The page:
columbia


Fatal Accident at Arkansas Nuclear One

, former director, Nuclear Safety Project

 Role of Regulation in Nuclear Plant Safety #11

The Fatal Accident

As described in Fission Stories #139 and illustrated in Fission Stories #181, a temporary crane removing a component weighing 525 tons on March 31, 2013, in the turbine building of the Unit 1 reactor at Arkansas Nuclear One near Russellville, AR collapsed. The dropped load struck the turbine building floor with considerable force, then rolled and fell through an opening to cause further damage on a lower floor. One worker was killed and eight others injured by the accident. Read more >

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Obstruction of Injustice: Columbia Generating Station Whitewash

, former director, Nuclear Safety Project

There’s been abundant talk recently about obstruction of justice—who may or may not have impeded this or that investigation. Rather than chime in on a bad thing, obstruction of justice, this commentary advocates a good thing—obstruction of injustice. There’s an injustice involving the Columbia Generating Station in Washington that desperately needs obstructing. Read more >

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The “Race” to Resolve the Boiling Water Reactor Safety Limit Problem

, former director, Nuclear Safety Project

General Electric (GE) informed the Nuclear Regulatory Commission (NRC) in March 2005 that its computer analyses of a depressurization event for boiling water reactors (BWRs) non-conservatively assumed the transient would be terminated by the automatic trips of the main turbine and reactor on high water level in the reactor vessel. GE’s updated computer studies revealed that one of four BWR safety limits could be violated before another automatic response terminated the event.

Over the ensuring decade-plus, owners of 28 of the 34 BWRs operating in the US applied for and received the NRC’s permission to fix the problem. But it’s not clear why the NRC allowed this known safety problem, which could allow nuclear fuel to become damaged, to linger for so long or why the other six BWRs have yet to resolve the problem. UCS has asked the NRC’s Inspector General to look into why and how the NRC tolerated this safety problem affecting so many reactors for so long. Read more >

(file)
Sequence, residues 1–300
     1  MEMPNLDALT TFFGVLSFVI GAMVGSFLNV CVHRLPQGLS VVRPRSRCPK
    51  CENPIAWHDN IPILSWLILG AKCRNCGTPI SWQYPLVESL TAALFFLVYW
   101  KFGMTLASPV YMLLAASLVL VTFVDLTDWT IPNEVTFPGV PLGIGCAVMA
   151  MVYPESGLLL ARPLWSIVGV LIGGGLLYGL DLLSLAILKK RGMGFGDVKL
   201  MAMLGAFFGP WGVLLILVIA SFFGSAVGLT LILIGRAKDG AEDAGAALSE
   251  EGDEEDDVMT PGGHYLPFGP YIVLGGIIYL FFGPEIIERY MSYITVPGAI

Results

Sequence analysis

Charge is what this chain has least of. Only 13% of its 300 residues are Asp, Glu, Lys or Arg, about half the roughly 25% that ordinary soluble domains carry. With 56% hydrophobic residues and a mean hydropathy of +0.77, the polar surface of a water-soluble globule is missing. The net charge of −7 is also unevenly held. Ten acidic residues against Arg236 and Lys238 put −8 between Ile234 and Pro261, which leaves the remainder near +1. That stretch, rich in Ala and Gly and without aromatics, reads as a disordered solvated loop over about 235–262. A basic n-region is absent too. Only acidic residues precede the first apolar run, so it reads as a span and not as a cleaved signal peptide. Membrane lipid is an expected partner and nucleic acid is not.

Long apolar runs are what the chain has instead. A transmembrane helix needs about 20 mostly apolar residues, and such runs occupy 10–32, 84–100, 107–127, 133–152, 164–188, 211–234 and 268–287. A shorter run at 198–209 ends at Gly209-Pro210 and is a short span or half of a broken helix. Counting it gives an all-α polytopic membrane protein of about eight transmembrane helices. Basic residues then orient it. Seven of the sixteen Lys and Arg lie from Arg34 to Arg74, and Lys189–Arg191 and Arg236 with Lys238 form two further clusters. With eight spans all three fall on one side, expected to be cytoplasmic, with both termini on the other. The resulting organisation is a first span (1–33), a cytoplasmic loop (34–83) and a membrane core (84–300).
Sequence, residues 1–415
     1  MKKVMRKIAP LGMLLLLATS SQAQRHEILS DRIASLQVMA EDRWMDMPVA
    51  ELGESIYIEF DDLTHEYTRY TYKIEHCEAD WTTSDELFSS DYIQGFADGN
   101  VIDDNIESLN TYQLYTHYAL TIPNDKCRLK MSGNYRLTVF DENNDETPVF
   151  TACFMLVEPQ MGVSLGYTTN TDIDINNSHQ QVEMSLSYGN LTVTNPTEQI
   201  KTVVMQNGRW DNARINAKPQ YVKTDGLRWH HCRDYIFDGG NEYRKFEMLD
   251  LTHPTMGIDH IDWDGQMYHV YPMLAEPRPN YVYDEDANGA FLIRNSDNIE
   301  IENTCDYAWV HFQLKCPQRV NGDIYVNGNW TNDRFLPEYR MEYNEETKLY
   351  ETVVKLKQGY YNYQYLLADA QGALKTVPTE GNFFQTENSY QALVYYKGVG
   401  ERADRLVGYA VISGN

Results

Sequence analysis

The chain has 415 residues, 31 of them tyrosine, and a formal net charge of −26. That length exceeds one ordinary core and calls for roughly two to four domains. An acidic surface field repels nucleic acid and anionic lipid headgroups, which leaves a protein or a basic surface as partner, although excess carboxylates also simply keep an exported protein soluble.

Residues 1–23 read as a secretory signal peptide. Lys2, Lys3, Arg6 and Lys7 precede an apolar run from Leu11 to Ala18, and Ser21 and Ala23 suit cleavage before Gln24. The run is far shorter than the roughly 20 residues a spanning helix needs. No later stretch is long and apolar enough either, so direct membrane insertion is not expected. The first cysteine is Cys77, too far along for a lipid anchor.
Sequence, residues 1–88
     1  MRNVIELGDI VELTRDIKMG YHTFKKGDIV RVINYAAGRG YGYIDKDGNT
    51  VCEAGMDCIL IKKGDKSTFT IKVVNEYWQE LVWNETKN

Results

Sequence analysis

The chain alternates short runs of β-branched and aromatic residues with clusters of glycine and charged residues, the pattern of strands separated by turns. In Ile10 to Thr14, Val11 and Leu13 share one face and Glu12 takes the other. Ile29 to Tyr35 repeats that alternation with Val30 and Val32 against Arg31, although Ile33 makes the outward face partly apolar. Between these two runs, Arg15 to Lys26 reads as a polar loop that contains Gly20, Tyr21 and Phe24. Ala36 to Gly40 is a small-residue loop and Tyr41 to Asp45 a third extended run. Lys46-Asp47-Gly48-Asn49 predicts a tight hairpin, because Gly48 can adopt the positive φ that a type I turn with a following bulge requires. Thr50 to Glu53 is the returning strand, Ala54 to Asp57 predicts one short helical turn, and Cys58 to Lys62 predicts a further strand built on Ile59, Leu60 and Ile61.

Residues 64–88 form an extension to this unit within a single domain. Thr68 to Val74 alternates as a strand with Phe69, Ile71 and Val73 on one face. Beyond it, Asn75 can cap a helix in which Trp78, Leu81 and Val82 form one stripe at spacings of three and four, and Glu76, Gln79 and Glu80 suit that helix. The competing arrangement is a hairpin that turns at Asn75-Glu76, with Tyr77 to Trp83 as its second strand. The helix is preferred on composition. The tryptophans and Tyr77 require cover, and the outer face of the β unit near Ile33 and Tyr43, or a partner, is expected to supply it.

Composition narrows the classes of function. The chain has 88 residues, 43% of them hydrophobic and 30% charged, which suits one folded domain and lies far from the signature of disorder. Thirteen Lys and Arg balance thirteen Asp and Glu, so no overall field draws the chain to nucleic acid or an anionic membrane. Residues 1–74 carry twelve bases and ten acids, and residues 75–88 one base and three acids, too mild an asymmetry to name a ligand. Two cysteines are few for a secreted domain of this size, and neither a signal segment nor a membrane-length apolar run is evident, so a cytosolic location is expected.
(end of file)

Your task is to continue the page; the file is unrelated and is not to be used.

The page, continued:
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Why NRC Nuclear Safety Inspections are Necessary: Columbia Generating Station

, former director, Nuclear Safety Project

The Nuclear Regulatory Commission (NRC) adopted its Reactor Oversight Process (ROP) in 2000. The ROP is far superior to the oversight processes previously employed by the NRC. Among its many virtues, the NRC treats the ROP as a work in progress, meaning that agency routinely re-assesses the ROP and makes necessary adjustments.

Earlier this year, the NRC initiated a formal review of its engineering inspections with the goal of making them more efficient and more effective. During a public meeting on October 11, 2017, the NRC working group conducting the review outlined some changes to the engineering inspections that would essentially cover the same ground but with an estimated 8 to 15 percent reduction in person-hours (the engineering inspections and suggested revisions are listed on slide 7 of the NRC’s presentation). Basically, the NRC working group suggested repackaging the inspections so as to be able to examine the same number of items, but in fewer inspection trips.

The nuclear industry sees a different way to accomplish the efficiency and effectiveness gains sought by the NRC’s review effort—they propose to eliminate the NRC’s engineering inspections and replace them with self-assessments. The industry would mail the results from the self-assessments to the NRC for their reading pleasure. Read more >

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Columbia Generating Station: NRC’s Special Inspection of Self-Inflicted Safety Woes

, former director, Nuclear Safety Project

Energy Northwest’s Columbia Generating Station near Richland, Washington has one General Electric boiling water reactor (BWR/5) with a Mark II containment design that began operating in 1984. In the late morning hours of Sunday, December 18, 2016, the station stopped generating electricity and began generating problems. Read more >

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